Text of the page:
The Participants' role is to act in good faith i.e. to genuinely attempt to fix the issues. There is no obligation to come to a formal agreement but 90 per cent of matters settle because people are open minded and allow the conversation to happen.

Supporting individuals can serve an important role to ensure that the participants are informed and can make decisions based on the information available, and to help protect the Participants' interests. Supporting individuals should not impose their own opinions and should not be obstructive in the conversation and mediation process.


The mediator is a neutral third party that facilitates the discussion between the parties involved in a dispute.


The participants are the people who are involved in the dispute.

Professional or other Support Persons

These may be your legal or other professionals, or colleagues (if appropriate).

What types of disputes in the built environment can be resolved using mediation?

Mediation in the built environment is suitable for most conflict and disputes. It is ideal for the matters in this sector because the process is quick and empowers those involved to make pragmatic decisions and keep the project on track, avoiding further delays and increased costs.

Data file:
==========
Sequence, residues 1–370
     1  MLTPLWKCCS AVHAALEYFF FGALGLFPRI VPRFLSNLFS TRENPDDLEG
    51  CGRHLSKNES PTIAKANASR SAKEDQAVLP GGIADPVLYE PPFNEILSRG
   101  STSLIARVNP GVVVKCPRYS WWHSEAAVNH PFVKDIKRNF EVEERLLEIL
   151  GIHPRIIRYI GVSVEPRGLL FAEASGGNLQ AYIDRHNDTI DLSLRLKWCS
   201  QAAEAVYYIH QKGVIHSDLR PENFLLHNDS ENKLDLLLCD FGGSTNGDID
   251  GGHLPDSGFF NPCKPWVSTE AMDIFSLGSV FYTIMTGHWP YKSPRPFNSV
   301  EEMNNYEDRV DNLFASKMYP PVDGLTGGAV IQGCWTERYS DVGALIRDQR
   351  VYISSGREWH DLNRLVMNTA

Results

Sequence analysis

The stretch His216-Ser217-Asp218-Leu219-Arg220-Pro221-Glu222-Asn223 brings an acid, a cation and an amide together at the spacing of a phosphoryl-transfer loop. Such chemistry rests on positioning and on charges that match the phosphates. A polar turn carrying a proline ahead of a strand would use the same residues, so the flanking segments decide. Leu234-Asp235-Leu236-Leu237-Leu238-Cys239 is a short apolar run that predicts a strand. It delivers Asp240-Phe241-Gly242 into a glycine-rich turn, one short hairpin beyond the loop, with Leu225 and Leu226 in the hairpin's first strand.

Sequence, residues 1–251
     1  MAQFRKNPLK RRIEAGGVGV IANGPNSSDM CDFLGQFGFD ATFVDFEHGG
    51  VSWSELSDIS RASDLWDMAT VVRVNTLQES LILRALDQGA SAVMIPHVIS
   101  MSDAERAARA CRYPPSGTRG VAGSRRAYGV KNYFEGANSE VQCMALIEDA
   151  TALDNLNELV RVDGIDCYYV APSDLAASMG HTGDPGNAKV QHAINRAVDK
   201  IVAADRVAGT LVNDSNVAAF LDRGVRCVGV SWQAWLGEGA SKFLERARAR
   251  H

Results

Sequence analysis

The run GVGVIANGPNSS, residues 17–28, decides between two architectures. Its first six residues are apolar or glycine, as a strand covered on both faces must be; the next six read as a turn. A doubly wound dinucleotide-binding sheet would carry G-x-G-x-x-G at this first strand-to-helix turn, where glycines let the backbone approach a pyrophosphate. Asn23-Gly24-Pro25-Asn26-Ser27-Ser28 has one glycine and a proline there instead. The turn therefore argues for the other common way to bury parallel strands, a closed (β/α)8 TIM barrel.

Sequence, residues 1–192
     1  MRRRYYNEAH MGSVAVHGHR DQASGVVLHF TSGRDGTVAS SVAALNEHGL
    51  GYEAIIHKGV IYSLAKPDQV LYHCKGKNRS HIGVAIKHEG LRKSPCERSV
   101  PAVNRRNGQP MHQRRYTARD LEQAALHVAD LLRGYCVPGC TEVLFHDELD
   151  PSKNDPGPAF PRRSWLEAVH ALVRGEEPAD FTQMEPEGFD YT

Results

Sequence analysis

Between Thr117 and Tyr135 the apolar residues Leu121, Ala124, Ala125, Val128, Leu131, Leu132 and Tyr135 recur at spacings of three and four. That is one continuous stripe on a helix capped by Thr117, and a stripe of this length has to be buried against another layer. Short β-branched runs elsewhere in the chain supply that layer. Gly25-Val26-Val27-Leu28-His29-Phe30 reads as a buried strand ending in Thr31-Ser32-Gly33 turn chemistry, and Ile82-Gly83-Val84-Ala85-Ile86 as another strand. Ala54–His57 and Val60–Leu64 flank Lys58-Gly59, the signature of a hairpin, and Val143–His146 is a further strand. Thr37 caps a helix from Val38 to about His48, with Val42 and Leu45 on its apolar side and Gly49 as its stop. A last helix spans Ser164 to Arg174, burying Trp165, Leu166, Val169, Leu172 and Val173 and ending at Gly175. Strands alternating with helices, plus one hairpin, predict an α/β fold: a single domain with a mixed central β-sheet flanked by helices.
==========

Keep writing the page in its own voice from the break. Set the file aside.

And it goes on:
The main areas which mediation can assist are:

  • Disputes about architectural designs and decisions for a project
  • Disagreements about the terms and conditions of a contract
  • Issues in residential building projects
  • Issues in commercial construction projects

Mediation in architectural disputes

Mediation can be useful when it comes to disputes about architectural designs because it provides an early opportunity for those involved to come together and find a resolution. The mediation process encourages communication between the involved parties and leads to greater understanding among them. It can be a practical and speedier and more cost effective alternative to arbitration or more formal dispute resolution approaches.

Architectural disputes typically involve issues about the design, delivery or management of a building project, or the fees involved. Where expectations are not set out clearly or there is a breakdown in communication, this can create tension and lead to conflict. Where this is not managed effectively, this can escalate.

Mediation is ideal for these types of matters as it is a safe and confidential platform to help re-align the relationship between the professionals and clients. It is best used where tension is starting to rise and can be used as a support mechanism a little like using translation services.

Mediation in contractural disputes

Building projects are founded on the existence of a contract. A contract which clearly sets out the important aspects of the working relationship can still be the subject of a dispute.